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Analysis of HIV-1 Gag protein interactions via biotin ligase tagging.

Research paper by Christopher C Ritchie, Isabel I Cylinder, Emily J EJ Platt, Eric E Barklis

Indexed on: 30 Jan '15Published on: 30 Jan '15Published in: Journal of virology



Abstract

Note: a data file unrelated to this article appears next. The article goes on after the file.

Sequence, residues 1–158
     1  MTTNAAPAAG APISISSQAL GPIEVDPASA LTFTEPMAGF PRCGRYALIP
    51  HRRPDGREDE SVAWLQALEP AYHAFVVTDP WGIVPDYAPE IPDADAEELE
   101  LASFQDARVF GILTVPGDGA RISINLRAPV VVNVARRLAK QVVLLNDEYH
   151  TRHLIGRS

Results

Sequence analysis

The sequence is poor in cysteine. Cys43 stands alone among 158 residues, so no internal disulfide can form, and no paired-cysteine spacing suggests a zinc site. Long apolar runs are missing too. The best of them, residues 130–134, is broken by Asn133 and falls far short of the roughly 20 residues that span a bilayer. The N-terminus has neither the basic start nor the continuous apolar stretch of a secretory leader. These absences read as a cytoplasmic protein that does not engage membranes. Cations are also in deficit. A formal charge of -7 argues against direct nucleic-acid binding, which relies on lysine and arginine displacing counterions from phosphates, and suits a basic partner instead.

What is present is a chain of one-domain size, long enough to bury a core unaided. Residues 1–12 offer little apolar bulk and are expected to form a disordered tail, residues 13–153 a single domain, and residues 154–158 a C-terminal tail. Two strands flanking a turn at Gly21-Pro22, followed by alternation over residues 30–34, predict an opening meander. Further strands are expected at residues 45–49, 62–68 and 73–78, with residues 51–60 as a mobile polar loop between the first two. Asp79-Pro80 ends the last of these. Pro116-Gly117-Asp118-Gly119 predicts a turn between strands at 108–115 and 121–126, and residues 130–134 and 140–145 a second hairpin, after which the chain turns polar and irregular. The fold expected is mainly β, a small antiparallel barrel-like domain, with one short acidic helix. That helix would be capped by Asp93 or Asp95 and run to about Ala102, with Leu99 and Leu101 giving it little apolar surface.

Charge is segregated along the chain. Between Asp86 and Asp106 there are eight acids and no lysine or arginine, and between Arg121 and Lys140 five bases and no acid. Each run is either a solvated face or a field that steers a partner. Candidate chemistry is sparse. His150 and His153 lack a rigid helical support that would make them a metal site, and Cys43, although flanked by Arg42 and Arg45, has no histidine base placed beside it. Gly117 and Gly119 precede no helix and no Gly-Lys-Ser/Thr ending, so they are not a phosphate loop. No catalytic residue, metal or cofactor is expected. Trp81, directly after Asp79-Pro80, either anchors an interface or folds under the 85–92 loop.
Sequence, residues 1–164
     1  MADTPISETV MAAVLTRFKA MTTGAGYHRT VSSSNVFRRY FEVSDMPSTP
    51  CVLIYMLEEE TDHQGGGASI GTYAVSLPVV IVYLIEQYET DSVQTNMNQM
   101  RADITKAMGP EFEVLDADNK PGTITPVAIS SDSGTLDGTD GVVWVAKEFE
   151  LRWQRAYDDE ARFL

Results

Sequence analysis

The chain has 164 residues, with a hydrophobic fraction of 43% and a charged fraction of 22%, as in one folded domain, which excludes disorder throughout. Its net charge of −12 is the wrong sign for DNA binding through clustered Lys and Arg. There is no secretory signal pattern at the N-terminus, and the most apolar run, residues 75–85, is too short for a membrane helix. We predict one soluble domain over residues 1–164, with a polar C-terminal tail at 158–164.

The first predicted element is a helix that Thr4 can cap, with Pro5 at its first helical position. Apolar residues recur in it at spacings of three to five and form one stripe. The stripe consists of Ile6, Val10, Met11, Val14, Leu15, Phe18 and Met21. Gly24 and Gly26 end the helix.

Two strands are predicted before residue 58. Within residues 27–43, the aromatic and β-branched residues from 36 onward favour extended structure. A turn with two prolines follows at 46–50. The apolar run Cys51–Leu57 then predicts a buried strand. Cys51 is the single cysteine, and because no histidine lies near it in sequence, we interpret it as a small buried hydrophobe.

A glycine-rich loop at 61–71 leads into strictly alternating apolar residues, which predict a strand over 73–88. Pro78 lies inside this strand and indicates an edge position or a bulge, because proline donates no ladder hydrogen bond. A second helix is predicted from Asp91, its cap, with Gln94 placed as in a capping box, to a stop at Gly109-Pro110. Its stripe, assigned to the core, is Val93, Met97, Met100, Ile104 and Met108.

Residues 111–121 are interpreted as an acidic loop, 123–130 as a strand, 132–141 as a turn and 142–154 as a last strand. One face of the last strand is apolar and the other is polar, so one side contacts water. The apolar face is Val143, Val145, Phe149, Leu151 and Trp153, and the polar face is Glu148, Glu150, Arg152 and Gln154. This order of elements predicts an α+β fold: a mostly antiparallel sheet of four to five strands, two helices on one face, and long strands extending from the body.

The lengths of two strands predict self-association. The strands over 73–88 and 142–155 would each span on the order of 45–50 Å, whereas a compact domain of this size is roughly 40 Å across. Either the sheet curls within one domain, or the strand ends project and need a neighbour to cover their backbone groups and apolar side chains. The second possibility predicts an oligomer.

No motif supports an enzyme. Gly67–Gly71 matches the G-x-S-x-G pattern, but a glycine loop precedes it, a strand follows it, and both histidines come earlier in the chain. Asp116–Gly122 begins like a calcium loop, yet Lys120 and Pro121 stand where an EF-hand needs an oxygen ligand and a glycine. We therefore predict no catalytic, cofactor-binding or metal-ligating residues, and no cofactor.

We have examined the interactions of wild-type (WT) and matrix protein-deleted (ΔMA) HIV-1 precursor Gag (PrGag) proteins in virus-producing cells using a biotin ligase-tagging approach. To do so, WT and ΔMA PrGag proteins were tagged with the Escherichia coli promiscuous biotin ligase (BirA*), expressed in cells, and examined. Localization patterns of PrGag proteins and biotinylated proteins overlapped, consistent with observations that BirA*-tagged proteins biotinylate neighbor proteins that are in close proximity. Results indicate that BirA*-tagged PrGag proteins biotinylated themselves as well as WT PrGag proteins in trans. Previous data have shown that the HIV-1 Envelope (Env) protein requires an interaction with MA for assembly into virions. Unexpectedly, ΔMA proteins biotinylated Env, whereas WT BirA*-tagged proteins did not, suggesting that the presence of MA made Env inaccessible to biotinylation. We also identified over 50 cellular proteins that were biotinylated by BirA*-tagged PrGag proteins. These included membrane proteins, cytoskeleton-associated proteins, nuclear transport factors, lipid metabolism regulators, translation factors, and RNA-processing proteins. The identification of these biotinylated proteins offers new insights into HIV-1 Gag protein trafficking and activities and provides new potential targets for antiviral interference.We have employed a novel strategy to analyze the interactions of the HIV-1 structural Gag proteins, which involved tagging wild-type and mutant Gag proteins with a biotin ligase. Expression of the tagged proteins in cells allowed us to analyze proteins that came in close proximity to the Gag proteins as they were synthesized, transported, assembled, and released from cells. The tagged proteins biotinylated proteins encoded by the HIV-1 pol gene and neighbor Gag proteins, but, surprisingly, only the mutant Gag protein biotinylated the HIV-1 Envelope protein. We also identified over 50 cellular proteins that were biotinylated, including membrane and cytoskeletal proteins and proteins involved in lipid metabolism, nuclear import, translation, and RNA processing. Our results offer new insights into HIV-1 Gag protein trafficking and activities and provide new potential targets for antiviral interference.